What is an IRA?
To begin with, Traditional IRAs and Roth IRAs are two common individual retirement arrangements. That being said, Traditional IRAs are common if your income is more than the amount to qualify for a Roth IRA. You’re also eligible for a tax deduction and expect to be in the lower tax bracket in retirement.
On the other hand, Roth IRAs are common for individuals with a Modified Adjusted Gross Income (MAGI) who are below the limit, want tax-free withdrawals, avoid minimum distributions, or expect to be in the same or higher tax bracket in retirement.
In other words, Traditional IRAs are tax deductible. The amount you deduct is based on the tax year. Roth IRAs are not tax deductible.
There are key differences between the two IRAs.
- One tax benefit is that there are tax-deferred growth and tax-deductible contributions.
- You can contribute until you are 70 ½ years old.
- Your income does not affect your contributions. There is no limit to the contributions you make.
- If you withdraw pre-tax contributions and earnings, you must pay taxes.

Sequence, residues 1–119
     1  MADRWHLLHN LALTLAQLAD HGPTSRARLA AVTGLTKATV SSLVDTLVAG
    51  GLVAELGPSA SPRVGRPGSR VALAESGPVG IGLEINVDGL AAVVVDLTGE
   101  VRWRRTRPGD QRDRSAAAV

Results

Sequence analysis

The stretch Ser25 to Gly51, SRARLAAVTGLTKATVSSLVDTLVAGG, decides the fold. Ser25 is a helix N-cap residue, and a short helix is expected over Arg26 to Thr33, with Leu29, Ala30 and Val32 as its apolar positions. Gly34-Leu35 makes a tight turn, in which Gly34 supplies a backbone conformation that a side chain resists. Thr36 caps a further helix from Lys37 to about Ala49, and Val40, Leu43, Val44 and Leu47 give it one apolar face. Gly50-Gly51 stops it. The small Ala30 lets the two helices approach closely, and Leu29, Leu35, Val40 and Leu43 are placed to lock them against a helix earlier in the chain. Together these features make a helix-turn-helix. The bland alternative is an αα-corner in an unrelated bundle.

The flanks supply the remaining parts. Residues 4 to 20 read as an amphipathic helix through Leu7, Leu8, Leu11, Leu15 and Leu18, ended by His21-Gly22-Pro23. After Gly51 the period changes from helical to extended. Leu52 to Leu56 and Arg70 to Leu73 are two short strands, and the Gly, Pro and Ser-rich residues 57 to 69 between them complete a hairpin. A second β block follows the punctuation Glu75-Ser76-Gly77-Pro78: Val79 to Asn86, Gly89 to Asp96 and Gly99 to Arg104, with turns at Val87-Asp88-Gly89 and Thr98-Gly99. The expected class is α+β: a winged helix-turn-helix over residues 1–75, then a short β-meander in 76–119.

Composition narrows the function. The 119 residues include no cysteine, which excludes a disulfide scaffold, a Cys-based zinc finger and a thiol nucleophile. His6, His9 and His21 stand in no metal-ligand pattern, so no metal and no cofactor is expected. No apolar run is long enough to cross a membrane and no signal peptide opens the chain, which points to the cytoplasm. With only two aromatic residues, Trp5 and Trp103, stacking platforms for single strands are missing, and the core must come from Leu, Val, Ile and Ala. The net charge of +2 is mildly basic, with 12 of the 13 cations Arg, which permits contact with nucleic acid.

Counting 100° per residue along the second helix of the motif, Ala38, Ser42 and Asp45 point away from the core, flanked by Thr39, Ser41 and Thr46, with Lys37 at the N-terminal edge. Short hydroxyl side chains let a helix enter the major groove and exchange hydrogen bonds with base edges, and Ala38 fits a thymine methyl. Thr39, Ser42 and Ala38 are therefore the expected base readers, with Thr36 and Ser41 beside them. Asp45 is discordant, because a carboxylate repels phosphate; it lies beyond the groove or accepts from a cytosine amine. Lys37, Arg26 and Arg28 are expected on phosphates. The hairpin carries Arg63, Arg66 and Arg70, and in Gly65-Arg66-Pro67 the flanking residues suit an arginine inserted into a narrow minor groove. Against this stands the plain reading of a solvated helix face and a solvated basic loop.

- You will have a 10% early withdrawal penalty if you withdraw before the age of 59 ½ years old.
- The Required Minimum Distributions (RDMs) is the minimum amount you are required to withdraw from your IRA each year. This must be taken in the year that you turn 70 ½.
- One tax benefit is that there are tax-free growth and tax-free withdrawals.
- You can contribute at any age.
- Your income affects your contribution amount.
- You are not subject to withdrawal taxes when withdrawing contributions and can withdraw earnings without paying federal income taxes.
- You will have a 10% early withdrawal penalty and a 10% additional tax if you withdraw before 59 ½ years old.
- The Required Minimum Distributions (RDMs) do not apply.